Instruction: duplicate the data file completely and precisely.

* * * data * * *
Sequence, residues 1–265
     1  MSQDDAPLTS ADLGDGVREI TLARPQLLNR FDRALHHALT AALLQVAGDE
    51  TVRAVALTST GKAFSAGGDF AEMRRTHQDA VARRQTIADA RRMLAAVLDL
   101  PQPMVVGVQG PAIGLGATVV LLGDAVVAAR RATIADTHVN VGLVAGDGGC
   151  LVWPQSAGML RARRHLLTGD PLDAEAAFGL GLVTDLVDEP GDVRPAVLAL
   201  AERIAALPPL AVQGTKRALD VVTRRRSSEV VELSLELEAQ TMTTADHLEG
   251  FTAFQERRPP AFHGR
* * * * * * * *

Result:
Sequence, residues 1–265
     1  MSQDDAPLTS ADLGDGVREI TLARPQLLNR FDRALHHALT AALLQVAGDE
    51  TVRAVALTST GKAFSAGGDF AEMRRTHQDA VARRQTIADA RRMLAAVLDL
   101  PQPMVVGVQG PAIGLGATVV LLGDAVVAAR RATIADTHVN VGLVAGDGGC
   151  LVWPQSAGML RARRHLLTGD PLDAEAAFGL GLVTDLVDEP GDVRPAVLAL
   201  AERIAALPPL AVQGTKRALD VVTRRRSSEV VELSLELEAQ TMTTADHLEG
   251  FTAFQERRPP AFHGR